May 15, 2007 - 4:00 pm
Proceeds from refinancing debt at Chrysler's financing unit would compensate the DaimlerChrysler parent for the existing debt as assets are transferred to the new Chrysler, said Philip Watkins, a credit analyst at Commerzbank in London.
The mix of financing could include about $30 billion in auto asset-backed securities (ABS), some $10 billion in unsecured high-yield corporate debt and the rest in bank loans, he said.
No company has ever tapped the ABS or junk-bond markets in such size. The move would create bold precedents by the New York based private equity firm that last year bought a majority stake in another big ABS issuer, General Motors' GMAC.
Ford Motor Co. in 2005 securitized about $9 billion in ABS, including one $4.5 billion issue that forced yields on existing bonds slightly higher as they flooded the market, said an analyst at a New York-based bank.
"There is strong demand for high-quality assets from quality servicers" so it is possible that Chrysler could tap the ABS market, the analyst said.
But unknowns such as the debt's affect on Chrysler's balance sheet and underlying ratings limit the scope of speculation, she said.
The $202 billion auto ABS market has been shrinking from the peak of $235 billion in 2003, according to the Securities Industry and Financial Markets Association.
DaimlerChrysler on Monday said Cerberus would buy 80.1 percent of money-losing Chrysler.
Cerberus plans to invest $5 billion for improvements in the automotive group and put $1.05 billion into the financing unit, DaimlerChrysler said. The private equity firm will pay an additional $1.35 billion to DaimlerChrysler.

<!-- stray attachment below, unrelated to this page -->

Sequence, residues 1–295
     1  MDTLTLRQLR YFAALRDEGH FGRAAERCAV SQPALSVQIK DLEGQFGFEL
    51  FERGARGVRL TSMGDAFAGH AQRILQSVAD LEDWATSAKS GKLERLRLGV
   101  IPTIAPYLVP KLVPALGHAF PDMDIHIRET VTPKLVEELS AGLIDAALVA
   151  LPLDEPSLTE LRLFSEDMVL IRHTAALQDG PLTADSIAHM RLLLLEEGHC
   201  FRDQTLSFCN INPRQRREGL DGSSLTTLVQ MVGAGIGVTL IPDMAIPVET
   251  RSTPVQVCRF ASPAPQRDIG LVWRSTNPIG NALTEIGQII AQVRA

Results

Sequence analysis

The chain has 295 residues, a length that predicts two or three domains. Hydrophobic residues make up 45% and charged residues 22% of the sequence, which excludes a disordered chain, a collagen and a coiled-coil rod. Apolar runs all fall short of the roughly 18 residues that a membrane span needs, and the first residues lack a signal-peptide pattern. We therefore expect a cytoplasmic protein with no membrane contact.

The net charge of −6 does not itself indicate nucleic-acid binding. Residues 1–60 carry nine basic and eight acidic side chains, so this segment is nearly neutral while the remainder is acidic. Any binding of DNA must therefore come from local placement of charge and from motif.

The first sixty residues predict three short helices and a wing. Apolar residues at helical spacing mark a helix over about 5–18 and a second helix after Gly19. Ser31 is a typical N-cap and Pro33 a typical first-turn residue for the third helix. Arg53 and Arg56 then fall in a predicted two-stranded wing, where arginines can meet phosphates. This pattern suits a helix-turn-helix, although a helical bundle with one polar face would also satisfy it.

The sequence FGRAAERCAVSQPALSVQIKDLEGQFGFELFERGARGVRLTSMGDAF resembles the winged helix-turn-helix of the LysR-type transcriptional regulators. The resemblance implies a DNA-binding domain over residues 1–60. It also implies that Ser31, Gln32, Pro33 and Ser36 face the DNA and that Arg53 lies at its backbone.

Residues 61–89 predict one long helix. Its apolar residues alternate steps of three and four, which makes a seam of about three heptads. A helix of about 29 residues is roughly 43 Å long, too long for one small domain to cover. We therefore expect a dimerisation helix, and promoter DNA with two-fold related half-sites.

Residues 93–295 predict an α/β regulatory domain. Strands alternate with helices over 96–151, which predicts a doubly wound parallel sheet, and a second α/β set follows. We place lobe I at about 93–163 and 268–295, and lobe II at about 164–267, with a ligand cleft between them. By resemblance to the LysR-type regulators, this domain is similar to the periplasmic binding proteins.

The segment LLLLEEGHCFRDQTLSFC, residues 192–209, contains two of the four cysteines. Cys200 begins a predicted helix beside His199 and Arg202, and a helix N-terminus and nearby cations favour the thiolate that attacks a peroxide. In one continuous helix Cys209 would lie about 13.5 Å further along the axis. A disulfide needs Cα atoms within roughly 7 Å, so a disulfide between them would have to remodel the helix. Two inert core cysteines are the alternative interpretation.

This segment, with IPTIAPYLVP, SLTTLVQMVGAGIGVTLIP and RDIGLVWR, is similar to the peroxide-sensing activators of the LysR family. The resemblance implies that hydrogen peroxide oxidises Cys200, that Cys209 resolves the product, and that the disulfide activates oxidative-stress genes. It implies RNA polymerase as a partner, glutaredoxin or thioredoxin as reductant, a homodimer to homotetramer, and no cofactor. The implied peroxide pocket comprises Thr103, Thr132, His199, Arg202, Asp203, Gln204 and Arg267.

A possible $65 billion refinancing was first reported by the Wall Street Journal, citing people familiar with the deal. A spokesman for Cerberus didn't immediately return a phone call or an e-mail.
The new Chrysler would likely be a "BB," junk-rated entity compared with the current "BBB" investment-grade rating enjoyed by DaimlerChrysler, DaimlerChrysler CFO Bodo Uebber said on a conference call, a transcript shows.
The lower rating would equate to higher borrowing costs, pushing Cerberus toward the automobile ABS market where collateralized bonds can garner ratings as high as "AAA."
Securitization may be "a large portion because of the cost effectiveness, but I'd still expect to see some unsecured debt because it's not a disastrous rating," Watkins said.
DaimlerChrysler competitors Ford and GMAC are frequent issuers of auto ABS. The companies have also been selling auto loans outright to free up capital that must be held on balance sheets to cover residual interests in securitizations.